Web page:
REITs that are heavily invested in malls or shopping centers are a recent example of operational risk.  As with virtually all REITs, these investments have consistently offered seemingly compelling yields to their investors.  But with the rise of e-commerce, the trade war, economic concerns, and other pressures on the business prospects of traditional retail spaces, many of these REITs have recently seen dramatic price declines. Investors in many of these REITs have experienced capital losses that have far outweighed any distributions received along the way, and there is no definite end in sight for potential losses or distribution cuts.  Another example has been that many MLPs, which (due to legal restrictions) are frequently concentrated in the energy sector, have historically fallen in value in lockstep with declining oil prices.    

Risks Related to the General Economic Conditions (Can Lead to Reduction in Yield and Unit Value)   

Due to the often-cyclical nature of their operations, REIT and MLP investments often struggle during difficult economic times.  This risk may come as a surprise to investors if, when presented with the idea to purchase the investment by their financial advisor, they are led to believe that REITs and MLPs are suitable substitutes for traditional investment grade income investments.  This is true since, in reality, and unlike REITs and MLPs, the values of investment grade bonds tend to be stable and/or outperform during periods where economic concerns mount.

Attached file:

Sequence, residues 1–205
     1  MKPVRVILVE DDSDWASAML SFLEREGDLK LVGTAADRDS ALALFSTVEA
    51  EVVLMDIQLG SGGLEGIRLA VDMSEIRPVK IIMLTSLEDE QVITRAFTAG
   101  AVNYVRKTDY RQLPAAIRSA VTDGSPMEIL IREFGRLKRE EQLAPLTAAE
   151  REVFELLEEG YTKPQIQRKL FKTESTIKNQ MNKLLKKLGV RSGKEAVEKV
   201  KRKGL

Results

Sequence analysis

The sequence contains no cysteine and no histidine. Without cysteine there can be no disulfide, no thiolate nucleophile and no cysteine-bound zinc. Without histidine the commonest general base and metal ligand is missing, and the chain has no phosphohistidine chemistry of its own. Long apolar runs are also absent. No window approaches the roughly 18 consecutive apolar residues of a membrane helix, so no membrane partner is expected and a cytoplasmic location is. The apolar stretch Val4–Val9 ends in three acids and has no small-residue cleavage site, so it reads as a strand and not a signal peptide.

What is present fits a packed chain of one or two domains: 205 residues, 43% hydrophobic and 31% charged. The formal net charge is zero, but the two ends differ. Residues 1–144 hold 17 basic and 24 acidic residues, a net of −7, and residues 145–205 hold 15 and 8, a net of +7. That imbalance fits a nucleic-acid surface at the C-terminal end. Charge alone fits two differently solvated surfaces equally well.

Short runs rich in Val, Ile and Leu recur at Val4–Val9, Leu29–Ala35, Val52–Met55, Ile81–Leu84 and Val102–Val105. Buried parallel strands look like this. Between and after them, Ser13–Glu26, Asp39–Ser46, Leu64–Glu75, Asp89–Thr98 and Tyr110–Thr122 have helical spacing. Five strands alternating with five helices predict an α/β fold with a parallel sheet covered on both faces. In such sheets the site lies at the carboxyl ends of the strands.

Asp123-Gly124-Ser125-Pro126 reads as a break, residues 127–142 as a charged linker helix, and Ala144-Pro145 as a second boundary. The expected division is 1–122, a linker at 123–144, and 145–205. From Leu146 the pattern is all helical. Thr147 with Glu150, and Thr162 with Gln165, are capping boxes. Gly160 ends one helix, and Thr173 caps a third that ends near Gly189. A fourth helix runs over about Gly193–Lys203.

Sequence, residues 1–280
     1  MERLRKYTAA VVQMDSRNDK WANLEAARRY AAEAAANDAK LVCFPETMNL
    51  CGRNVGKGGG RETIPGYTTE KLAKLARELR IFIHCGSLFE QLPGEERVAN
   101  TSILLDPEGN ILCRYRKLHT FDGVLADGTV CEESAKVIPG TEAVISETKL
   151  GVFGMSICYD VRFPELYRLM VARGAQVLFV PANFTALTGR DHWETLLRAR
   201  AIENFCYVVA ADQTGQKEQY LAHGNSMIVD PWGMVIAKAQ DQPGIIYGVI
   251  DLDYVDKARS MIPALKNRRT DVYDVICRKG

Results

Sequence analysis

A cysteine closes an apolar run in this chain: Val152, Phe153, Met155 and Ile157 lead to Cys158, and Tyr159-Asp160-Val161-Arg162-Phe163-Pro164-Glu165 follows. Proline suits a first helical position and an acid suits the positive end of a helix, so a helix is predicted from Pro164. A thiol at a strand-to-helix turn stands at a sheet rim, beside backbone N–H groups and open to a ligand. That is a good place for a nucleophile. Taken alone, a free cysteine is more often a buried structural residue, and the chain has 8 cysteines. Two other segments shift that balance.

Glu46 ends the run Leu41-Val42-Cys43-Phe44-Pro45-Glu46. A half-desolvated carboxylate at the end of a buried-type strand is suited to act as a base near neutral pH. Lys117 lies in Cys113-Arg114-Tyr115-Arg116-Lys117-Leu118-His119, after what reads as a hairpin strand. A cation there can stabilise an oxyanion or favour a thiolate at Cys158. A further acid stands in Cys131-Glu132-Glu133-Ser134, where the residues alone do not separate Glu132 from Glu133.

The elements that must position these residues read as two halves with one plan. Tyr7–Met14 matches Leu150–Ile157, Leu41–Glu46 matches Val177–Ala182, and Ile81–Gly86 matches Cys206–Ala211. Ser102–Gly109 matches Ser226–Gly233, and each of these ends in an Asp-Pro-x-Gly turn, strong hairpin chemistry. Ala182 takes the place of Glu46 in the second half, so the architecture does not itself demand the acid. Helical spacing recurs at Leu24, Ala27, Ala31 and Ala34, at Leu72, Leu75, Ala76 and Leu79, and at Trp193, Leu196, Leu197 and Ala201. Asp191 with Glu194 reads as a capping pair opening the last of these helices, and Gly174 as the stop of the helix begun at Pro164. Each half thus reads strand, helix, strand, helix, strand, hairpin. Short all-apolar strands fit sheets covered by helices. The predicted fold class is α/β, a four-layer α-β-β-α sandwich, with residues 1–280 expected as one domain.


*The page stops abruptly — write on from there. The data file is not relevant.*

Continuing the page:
REITs and MLPs Are Often Complex Securities

Typically, REITs and MLPs are complex securities that are difficult for ordinary retail investors (often referred to as unsophisticated investors) to evaluate and understand.  This is particularly true of mREITs (REITs that focus on mortgage-backed securities). The value of mREITS is subject to a dizzying range of difficult-to-predict factors such as the types of mortgages held, fluctuating interest rates, the status of the mortgage refinance environment, the types and amount of hedging employed, the types and amount of leverage used, and the timing of investment decisions, among other things.  As far back as 2003, FINRA reminded your financial advisor of certain duties related to making sure that the customer is advised of these complexities before they purchase a non-conventional investment, such as a non-traded REIT.